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Frivolity Ensues

Yeah, yeah, I know. I hate to talk about baseball this early in the offseason. But can someone explain to me why all of a sudden, MLB general managers are dishing out big contracts like Stephen Colbert doles out the truth -- in abundant fashion.

I don't pretend to know a ton about baseball, so don't ask me how market values or shifts in team philosophy are contributing to what already seems like an absurd amount of bad contracts. I go by what I see in the field, and what I see reflects poorly on free agent decisions this offseason.


Moises Alou (1 year, $8.5M): Forget about the fact that Alou is 40 and clearly on the decline of what was an above average career. Alou didn't just get a big contract at an old age, he got a raise from the Mets this year. He's making $1M more this year than he did last. Alou had a respectable season in 2005, hitting 22 home runs and batting .301. But the fact that the Mets gave a 40-year-old who has missed 103 games in the last two seasons is a tad questionable.

Jim Edmonds (2 years, $19M): Let's see. Edmonds is 36. His games (153-142-110), runs (102-88-52), hits (150-123-90), home runs (42-29-19), RBIs (111-89-70), batting average (.301-.263-.257), on-base percentage (.418-.385-.350), and slugging percentage (.643-.533-.471) have all declined in the last three years. He's still great in the field. But his mobility and ability are declining rapidly.

Aramis Ramirez (5 years, $75M): This one is pretty dumbfounding. A career .279 hitter who has peaked in his eighth season. I always find these types of contracts amusing. Look, if it takes someone until their eighth season to finally breakthrough, and that year happens to also be their contract year, there's a good chance that they're still not that good and that they'll fall back to earth the next year. Mark my words on this.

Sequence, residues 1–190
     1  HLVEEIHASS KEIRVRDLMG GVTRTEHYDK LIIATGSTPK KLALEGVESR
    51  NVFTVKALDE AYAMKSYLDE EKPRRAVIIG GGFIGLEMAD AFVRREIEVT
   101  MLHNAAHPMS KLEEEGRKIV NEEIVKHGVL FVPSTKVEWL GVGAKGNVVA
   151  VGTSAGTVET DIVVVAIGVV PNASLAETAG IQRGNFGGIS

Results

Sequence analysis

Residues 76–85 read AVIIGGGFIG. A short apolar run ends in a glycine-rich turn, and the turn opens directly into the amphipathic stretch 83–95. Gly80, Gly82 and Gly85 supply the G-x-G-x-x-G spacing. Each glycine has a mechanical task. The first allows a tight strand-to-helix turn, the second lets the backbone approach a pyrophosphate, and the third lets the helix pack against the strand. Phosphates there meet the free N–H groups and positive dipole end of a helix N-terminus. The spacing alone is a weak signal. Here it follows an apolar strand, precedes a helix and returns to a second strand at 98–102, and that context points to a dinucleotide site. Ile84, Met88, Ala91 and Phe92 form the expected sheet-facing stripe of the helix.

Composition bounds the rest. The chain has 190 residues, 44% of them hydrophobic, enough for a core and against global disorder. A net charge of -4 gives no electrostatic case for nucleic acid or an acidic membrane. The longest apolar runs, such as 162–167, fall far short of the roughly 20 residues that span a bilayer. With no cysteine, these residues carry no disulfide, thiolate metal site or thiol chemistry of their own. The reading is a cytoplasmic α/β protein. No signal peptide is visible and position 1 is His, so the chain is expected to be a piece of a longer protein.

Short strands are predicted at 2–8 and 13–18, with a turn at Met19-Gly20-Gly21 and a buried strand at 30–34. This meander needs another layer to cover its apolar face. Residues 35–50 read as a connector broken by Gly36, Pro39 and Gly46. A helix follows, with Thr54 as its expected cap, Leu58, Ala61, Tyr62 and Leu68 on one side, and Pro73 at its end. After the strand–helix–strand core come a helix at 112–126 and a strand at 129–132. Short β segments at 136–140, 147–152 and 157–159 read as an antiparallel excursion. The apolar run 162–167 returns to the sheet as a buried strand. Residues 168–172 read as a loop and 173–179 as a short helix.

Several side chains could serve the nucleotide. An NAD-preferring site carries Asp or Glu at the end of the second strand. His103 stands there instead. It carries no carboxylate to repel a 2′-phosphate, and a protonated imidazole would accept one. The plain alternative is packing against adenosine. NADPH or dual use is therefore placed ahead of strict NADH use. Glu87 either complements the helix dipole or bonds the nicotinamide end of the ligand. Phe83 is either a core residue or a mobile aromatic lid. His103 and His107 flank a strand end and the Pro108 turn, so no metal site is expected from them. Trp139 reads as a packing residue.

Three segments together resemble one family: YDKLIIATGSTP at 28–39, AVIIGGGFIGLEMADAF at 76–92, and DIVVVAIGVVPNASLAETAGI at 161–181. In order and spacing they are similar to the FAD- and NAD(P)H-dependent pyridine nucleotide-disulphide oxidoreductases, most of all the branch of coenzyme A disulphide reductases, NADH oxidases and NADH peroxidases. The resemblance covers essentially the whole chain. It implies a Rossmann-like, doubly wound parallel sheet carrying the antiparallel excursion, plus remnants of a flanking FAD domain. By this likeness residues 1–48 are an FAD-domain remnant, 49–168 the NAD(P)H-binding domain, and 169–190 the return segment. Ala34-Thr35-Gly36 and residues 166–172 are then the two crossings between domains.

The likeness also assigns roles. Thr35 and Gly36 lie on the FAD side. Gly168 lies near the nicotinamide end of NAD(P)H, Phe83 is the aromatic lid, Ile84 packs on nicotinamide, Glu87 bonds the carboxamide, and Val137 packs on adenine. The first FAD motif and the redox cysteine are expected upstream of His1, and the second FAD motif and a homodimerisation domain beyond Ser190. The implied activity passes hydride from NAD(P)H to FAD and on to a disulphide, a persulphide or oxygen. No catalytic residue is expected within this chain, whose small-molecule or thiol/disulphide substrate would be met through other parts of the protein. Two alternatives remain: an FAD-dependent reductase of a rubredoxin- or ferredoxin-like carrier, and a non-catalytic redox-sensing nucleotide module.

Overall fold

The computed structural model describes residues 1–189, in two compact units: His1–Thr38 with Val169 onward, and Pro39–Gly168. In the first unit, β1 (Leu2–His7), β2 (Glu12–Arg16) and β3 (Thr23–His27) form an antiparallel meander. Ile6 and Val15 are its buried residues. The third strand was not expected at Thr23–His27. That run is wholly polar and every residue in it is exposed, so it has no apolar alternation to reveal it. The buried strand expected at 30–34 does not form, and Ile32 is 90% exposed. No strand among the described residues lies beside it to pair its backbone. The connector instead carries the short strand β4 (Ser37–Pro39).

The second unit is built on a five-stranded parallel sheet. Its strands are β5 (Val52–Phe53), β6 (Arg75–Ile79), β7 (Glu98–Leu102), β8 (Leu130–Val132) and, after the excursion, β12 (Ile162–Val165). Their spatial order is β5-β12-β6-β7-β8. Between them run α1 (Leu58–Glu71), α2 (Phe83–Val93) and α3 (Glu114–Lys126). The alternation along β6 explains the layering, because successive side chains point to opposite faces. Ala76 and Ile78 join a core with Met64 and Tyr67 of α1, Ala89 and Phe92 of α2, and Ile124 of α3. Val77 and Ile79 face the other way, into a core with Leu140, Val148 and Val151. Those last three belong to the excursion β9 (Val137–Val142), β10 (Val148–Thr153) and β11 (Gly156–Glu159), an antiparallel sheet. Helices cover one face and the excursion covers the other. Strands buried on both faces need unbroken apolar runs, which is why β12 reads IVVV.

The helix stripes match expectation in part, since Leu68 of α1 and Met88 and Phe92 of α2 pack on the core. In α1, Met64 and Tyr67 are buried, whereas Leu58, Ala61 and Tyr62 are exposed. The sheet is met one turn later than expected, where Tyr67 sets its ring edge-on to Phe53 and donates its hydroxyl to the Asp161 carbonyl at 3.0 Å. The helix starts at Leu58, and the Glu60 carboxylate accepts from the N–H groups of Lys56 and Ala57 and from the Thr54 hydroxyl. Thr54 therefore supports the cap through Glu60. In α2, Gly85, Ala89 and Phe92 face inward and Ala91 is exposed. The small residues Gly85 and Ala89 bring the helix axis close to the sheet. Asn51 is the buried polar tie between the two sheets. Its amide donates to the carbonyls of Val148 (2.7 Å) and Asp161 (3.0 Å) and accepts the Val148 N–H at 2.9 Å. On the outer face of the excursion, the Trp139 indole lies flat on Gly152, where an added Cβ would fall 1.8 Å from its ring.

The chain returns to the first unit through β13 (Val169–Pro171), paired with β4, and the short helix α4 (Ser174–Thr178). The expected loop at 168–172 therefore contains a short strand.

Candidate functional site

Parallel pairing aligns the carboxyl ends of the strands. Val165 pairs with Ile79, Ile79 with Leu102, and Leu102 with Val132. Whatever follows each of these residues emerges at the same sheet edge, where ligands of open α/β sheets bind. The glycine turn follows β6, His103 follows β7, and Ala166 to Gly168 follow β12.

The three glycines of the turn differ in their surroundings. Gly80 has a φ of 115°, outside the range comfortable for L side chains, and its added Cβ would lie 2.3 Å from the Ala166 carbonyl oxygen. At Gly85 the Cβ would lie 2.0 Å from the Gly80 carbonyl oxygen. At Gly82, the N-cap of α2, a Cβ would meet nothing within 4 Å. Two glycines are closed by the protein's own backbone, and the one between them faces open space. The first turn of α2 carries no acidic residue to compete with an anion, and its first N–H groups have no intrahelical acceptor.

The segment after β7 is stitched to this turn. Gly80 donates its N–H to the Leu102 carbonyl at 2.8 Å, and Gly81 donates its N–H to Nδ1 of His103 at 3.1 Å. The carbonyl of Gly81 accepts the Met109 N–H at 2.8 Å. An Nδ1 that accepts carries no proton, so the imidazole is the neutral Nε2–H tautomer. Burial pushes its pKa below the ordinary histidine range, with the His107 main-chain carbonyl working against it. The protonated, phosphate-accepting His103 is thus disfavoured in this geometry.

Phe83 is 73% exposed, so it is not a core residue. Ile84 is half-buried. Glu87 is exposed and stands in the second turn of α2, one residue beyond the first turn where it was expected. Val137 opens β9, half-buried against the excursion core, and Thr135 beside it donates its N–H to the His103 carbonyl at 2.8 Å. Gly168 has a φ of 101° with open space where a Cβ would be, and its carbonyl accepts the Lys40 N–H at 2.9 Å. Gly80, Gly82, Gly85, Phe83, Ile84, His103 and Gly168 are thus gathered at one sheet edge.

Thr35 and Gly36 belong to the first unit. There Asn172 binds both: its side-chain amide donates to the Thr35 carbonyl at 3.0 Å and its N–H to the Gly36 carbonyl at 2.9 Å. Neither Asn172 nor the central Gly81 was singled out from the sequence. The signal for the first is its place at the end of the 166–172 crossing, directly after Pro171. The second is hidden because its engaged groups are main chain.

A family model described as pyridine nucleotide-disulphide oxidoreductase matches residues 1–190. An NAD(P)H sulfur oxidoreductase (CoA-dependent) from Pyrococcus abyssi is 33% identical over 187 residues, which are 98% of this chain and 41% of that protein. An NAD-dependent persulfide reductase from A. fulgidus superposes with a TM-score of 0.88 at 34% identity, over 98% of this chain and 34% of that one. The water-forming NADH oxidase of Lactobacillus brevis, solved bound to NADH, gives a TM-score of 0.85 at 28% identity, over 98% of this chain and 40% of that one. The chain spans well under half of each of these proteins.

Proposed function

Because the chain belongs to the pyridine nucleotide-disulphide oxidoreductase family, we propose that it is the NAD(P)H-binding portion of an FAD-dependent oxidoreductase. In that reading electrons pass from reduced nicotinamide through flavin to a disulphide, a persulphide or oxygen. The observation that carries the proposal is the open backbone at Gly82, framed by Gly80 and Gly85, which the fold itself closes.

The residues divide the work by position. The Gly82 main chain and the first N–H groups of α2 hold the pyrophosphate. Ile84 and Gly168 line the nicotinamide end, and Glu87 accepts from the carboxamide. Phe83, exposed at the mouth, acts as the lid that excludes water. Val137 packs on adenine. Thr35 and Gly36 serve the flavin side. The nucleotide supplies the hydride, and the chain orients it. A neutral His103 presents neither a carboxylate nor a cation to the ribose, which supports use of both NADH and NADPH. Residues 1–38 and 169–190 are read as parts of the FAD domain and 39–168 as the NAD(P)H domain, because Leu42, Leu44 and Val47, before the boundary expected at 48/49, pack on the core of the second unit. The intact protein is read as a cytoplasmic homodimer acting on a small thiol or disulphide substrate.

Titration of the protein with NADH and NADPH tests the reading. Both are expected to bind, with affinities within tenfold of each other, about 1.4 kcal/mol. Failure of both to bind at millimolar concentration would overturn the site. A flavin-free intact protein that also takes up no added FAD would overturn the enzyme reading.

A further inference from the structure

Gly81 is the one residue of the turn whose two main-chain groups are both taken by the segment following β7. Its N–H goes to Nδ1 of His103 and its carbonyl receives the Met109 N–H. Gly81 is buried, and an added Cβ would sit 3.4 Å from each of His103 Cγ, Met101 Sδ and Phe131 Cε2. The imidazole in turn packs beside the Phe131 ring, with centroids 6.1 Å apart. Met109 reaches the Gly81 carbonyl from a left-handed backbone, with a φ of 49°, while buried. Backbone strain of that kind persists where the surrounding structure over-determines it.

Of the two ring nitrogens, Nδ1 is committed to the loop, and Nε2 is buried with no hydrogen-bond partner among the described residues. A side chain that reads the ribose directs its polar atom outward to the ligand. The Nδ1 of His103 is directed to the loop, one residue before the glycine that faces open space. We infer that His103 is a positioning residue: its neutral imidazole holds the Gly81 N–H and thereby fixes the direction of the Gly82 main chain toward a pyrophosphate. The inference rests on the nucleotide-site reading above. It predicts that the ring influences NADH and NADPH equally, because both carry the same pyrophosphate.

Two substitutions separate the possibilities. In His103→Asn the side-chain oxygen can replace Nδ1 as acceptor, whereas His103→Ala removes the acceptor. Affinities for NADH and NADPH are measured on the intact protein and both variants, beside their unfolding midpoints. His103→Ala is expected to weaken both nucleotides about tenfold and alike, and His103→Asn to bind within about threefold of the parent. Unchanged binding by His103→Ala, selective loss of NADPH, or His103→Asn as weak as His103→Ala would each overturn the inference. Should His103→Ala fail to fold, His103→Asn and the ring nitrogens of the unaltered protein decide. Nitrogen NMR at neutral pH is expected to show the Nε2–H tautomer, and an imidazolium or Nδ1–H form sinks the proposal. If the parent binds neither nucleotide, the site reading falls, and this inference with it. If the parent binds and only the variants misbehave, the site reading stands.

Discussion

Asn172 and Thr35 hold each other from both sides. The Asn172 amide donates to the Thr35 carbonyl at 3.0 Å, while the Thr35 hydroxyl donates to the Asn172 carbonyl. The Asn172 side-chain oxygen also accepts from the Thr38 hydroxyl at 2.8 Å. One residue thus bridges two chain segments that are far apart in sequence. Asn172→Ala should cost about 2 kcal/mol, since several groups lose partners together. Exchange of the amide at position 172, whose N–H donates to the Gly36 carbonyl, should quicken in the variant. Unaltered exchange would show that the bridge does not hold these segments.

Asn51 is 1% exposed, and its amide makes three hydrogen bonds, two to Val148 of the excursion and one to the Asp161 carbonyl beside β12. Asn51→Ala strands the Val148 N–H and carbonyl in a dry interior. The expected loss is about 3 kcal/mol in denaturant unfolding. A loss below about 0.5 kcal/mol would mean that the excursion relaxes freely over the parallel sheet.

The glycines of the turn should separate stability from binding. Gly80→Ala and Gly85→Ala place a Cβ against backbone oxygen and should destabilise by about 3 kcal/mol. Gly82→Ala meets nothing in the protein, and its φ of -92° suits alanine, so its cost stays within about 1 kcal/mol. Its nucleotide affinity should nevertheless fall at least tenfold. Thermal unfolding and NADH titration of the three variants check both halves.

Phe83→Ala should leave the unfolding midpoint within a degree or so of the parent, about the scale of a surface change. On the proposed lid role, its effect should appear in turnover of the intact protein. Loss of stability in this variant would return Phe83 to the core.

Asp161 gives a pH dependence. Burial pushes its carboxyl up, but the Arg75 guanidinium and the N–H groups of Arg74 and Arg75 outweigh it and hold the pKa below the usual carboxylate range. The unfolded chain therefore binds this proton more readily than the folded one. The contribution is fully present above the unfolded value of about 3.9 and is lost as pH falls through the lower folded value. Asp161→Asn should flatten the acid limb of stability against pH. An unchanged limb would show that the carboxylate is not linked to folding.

Alfonso Soriano (8 years, $136M): Soriano's a pretty great player, but that is a lot of money for someone who strikes out as much as Soriano does.

Gary Matthews, Jr. (5 years, $50M): Another player who has peaked late. Matthews wasn't even close to hitting .300 before last season (.276 is his career high). He still hasn't hit 20 home runs in a season. Although, if I had $10M a year to spend, I'd probably give it to Matthews for that awesome catch he had last year.

Mike Mussina (2 years, $23M): A month ago, Yankees fans were celebrating the prospects of an almost entirely rebuilt pitching staff, one that would be sans-Mussina. Well, that's not going to happen. Moose is 30-24 in the last three years despite working with one of the highest-powered offenses in baseball. That can be attributed to his 4.37 ERA in that time. He's also notorious for stalling in the playoffs in the Bronx lately. His career postseason record of 7-8 underlines that.

Juan Pierre (5 years, $45M): He's OK at the plate, with two 200+ hit seasons in the last three years, although he hasn't batted over .300 in the last two years. He scores a decent amount, although hasn't topped 100 runs since 2004. He hit only 3 home runs in 699 at bats last year. I know that his goal is to get on base, steal bases, and score. But the only one of those three that he does really remarkably is steal bases (115 in the last two years). Still, is that worthy of such a large contract and commitment? I think not.